Electric Light Orchestra: Kuiama
From their album album ELO 2 (1973)
This is ELO's prog masterpiece, and one of the few ELO songs that can properly be counted as prog. It's not clear to what extent they had the resources to continue in this direction, since they succumbed to pop-rock early on and never became a proper prog group. Some of Roy Wood's contributions were prog, but hardly masterpieces. This song by Jeff Lynne, however, is truly on the highest level of the genre. A unique, mature prog style entirely their own is already fully in evidence, and the worthy anti-war theme has the requisite level of seriosity. If they had been able to continue like this, they would have been up there with the four or five best in prog.
There are some compositional flaws. The end is weaker than the beginning. The truly sublime section beginning att 3.00 ("No more silver rain will hit your ground") should have been repeated at the end, after the verse ending with "True blue, you saw it through", and with lyrics perhaps reflecting on the meaning of the confession for Kuia in her post-war life. It's surprising that Lynne didn't hear this. If the song were remade into a non-prog song, this section would be the chorus. It should have been more of a chorus in the existing song too, in order to for it to achieve the coherence that prog too needs.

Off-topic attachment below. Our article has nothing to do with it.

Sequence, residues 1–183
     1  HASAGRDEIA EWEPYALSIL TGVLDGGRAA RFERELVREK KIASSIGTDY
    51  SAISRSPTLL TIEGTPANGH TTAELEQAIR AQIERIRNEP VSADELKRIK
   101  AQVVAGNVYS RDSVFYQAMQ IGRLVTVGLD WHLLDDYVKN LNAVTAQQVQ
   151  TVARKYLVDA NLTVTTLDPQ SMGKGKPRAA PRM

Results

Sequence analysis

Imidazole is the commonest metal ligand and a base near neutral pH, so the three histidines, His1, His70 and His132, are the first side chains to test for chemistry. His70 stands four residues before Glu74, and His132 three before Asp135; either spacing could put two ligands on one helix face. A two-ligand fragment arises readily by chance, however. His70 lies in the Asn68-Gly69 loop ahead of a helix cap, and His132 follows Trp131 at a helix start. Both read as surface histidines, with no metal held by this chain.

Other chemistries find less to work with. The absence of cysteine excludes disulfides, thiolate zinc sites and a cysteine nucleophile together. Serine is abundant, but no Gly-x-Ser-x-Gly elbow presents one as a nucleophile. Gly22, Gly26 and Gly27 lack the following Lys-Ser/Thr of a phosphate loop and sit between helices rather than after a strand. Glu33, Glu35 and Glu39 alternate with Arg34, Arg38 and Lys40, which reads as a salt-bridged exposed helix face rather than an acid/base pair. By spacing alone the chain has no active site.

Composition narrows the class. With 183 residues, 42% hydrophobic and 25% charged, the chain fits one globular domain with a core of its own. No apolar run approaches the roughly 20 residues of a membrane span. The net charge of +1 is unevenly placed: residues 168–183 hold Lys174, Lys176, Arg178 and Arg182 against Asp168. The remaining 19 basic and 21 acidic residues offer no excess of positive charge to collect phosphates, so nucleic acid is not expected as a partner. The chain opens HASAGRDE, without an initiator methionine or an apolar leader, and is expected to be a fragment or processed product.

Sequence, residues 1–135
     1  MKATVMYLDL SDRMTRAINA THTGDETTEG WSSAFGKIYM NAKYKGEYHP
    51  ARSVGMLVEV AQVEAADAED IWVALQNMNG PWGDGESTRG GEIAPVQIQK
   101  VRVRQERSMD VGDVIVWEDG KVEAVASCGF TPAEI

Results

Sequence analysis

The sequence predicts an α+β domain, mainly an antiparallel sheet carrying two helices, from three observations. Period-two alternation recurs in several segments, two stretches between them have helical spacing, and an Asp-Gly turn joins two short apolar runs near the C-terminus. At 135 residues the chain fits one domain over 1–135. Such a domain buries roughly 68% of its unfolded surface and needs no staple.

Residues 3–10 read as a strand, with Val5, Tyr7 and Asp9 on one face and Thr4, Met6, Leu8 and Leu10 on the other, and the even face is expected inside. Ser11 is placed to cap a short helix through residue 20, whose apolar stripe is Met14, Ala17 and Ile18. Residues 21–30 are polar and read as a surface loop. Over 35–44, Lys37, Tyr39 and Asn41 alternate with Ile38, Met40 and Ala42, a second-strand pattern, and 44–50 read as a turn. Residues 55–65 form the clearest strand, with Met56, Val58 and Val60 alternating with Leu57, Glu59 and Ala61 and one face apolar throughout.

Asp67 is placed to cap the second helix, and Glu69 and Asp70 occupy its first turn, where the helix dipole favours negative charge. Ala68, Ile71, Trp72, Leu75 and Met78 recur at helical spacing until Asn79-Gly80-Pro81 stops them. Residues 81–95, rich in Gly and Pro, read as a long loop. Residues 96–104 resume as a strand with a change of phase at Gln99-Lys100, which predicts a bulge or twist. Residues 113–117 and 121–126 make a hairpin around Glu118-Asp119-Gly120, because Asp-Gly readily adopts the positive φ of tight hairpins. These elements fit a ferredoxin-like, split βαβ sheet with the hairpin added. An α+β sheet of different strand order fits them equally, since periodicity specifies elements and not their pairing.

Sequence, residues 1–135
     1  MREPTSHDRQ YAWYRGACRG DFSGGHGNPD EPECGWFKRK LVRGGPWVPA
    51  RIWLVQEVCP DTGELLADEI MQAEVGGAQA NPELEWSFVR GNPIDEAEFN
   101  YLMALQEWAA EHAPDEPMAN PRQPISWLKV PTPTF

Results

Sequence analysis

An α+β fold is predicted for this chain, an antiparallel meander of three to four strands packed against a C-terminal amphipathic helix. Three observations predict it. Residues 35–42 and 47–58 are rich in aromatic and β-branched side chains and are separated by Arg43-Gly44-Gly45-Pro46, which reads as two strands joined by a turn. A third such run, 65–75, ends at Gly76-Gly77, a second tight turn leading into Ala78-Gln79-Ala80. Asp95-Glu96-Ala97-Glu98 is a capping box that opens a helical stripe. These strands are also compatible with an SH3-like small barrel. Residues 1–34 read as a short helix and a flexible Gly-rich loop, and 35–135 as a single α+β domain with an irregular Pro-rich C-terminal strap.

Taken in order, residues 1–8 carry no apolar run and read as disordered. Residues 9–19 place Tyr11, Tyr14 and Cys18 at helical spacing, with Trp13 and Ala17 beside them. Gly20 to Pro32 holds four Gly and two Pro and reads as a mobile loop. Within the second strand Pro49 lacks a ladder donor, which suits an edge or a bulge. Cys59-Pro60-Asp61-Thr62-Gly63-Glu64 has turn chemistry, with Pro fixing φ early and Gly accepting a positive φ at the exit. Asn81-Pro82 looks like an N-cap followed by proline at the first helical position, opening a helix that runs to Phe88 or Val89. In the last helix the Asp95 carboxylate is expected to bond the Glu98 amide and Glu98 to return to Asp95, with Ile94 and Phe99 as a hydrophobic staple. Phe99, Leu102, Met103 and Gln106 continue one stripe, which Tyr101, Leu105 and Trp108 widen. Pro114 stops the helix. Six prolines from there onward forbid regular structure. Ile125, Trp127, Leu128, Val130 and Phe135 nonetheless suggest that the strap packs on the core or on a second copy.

Absurdly, there is a recorded live version where they even leave out this section, the best thing they ever made, and among the best of any prog band, for the sake of prolonging Wilf Gibson's violin section. Needless to say, the latter is also an essential part of the song, but as extended like that, it further distorts a compositional whole that was already imperfect due to the non-repetition of the "chorus". In another live version, Lynne sings it carelessly.
At 4.56, there is the same buildup as before the "chorus", but there, it takes a little too long for something adequate to follow it. Just a little. There's nothing wrong with the buildup not leading to the "chorus" in this place. Indeed, this time it ends in a way that signals, in an established manner, that it won't lead to this, that something else, a prog development of the song in the form of a quiet "solo" or instrumental section (I think there really are, or at least should be, no proper solos in prog), will follow. The problem is only that this doesn't happen until 5.23. It certainly should't follow immediately, but 5.23 is a little too late. 5.10 would have been right. A similar minor flaw is that the transitions at 0.19, 1.48 and 4.30 are a little too sharp, in that they are marked by almost a second of total silence.
The original, studio version, above, shows that Lynne had very impressive prog intelligence. It can be heard also in 'Mister Kingdom' on the Eldorado album, and perhaps there is even a streamlined echo as late as 'Big Wheels' on Out of the Blue. But either it was, after all, as in the case of many semi-prog or partially prog bands, comparatively limited, or his musical talent was simply squandered on commercial pop-rock.